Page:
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The Minister of State for Petroleum, Dr Ibe Kachikwu, said Federal Government planned to end importation of Premium Motor Spirit (PMS), also known as petrol within the next 12 to 18 months.
Kachikwu said this while addressing newsmen on Tuesday in Abuja.
He said that government was working out modalities to ensure that it repay the 5.1 billion dollars arrears it owed its Joint Ventures (JV) partners within a six-month time frame.
This, he said, would go a long way to restore confidence in the sector.
Kachikwu stated that the process of fixing the refineries had started and it was looking at entering into series of partnerships with investors and oil majors.
He added that partnership would be on the upgrade of the refineries and in co-location of refineries along with existing refineries.
“To fix the four refineries, the country would require about 400 million dollars and the Federal Government is considering sourcing the amount from investors.
“The total revamp of the refineries is being hindered by lack of funds and investment, especially as most of the refineries are old and needed massive overhaul and refurbishment,” he said.
He said talks were already ongoing with the original builders of the refineries and some oil majors who had shown interest in investing in the upgrade of the refineries.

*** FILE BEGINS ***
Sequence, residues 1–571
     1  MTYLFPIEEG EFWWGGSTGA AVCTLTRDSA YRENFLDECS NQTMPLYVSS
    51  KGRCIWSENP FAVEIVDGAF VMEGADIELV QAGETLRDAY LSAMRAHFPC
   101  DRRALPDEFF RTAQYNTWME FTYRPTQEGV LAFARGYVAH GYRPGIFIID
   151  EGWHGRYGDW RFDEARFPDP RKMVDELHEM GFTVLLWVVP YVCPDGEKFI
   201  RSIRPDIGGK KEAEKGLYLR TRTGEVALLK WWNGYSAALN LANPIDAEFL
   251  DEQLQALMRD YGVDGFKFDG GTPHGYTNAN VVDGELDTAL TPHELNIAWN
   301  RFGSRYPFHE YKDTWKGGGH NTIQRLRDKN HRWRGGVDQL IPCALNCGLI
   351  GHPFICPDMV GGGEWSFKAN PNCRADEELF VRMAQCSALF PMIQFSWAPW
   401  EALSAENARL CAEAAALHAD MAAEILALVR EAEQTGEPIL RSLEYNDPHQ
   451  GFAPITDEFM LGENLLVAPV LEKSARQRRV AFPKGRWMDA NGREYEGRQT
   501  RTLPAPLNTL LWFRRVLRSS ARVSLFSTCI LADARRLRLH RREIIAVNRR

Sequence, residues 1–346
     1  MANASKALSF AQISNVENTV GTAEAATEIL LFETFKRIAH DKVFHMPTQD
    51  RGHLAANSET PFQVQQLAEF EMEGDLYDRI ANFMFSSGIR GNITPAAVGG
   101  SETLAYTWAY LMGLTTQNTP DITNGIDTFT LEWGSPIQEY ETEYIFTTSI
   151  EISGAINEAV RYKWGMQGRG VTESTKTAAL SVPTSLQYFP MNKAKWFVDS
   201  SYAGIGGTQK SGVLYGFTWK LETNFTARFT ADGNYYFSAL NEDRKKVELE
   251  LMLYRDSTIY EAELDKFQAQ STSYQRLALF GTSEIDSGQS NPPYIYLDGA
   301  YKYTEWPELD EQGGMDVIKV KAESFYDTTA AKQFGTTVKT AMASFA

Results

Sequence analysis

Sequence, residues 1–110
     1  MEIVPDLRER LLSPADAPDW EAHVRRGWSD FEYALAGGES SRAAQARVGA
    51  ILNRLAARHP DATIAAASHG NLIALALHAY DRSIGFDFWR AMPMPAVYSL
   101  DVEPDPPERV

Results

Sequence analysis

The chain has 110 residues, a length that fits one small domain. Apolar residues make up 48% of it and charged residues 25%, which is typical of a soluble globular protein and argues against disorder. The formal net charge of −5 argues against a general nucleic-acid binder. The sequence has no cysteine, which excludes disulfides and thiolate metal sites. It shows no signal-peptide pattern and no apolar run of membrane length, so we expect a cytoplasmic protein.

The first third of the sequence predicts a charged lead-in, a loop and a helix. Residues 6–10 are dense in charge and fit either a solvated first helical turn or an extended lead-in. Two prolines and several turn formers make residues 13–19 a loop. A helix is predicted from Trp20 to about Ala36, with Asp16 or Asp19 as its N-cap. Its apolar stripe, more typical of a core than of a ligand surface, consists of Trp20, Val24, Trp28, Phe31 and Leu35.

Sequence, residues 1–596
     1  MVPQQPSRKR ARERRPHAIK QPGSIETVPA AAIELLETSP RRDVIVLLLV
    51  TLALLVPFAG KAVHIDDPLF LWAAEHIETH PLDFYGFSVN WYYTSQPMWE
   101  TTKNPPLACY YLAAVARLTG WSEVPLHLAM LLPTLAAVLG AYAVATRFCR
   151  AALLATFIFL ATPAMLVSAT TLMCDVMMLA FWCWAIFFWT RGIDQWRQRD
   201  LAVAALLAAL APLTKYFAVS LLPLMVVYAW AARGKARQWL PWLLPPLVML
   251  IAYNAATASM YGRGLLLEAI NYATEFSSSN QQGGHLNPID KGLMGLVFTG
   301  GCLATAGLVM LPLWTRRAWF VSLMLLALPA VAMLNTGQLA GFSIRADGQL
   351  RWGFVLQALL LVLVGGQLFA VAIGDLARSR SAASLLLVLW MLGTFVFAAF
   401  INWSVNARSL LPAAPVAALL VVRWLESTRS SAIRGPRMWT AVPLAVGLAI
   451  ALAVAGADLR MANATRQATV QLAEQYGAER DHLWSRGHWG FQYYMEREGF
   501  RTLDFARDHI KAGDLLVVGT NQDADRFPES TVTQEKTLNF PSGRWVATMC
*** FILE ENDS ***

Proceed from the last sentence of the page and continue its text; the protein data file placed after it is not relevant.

Kachikwu said that when the refineries were finally fixed, they would contribute in building the country’s strategic fuel reserves.
On the issues of JV cash call arrears and adequate security of the pipelines and petroleum infrastructure, he said it was part of its grand plan to boost Nigeria’s crude oil output to 2.4 million barrels per day.
”This is from its current position of 2.3 million barrels before the end of the year,” he explained.
This, he added, would be a significant improvement from between 1.8 million and 2.1 million in the last few weeks.
Kachikwu said the Nigerian National Petroleum Corporation (NNPC) was looking at replacing almost the entirety of its pipelines because most of the pipeline networks were more than 30 years.
He noted that huge funds would be required to replace the refineries, adding that before they would be fixed, the NNPC would secure the services of host communities to protect the pipelines.
On unbundling of the corporation, the minister said it would be done into seven key business components.
He said that the subsidiaries would be broken into about 20 companies.
Kachikwu identified the new business components as Upstream Company, Downstream Company, Gas and Power, Refineries, Ventures Company, Service and Finance.
“Those are the things; so when I hear unbundled to 30 companies, that is not correct,” he said.
He assured that nobody would lose his job, rather the unbundling would get everybody busy.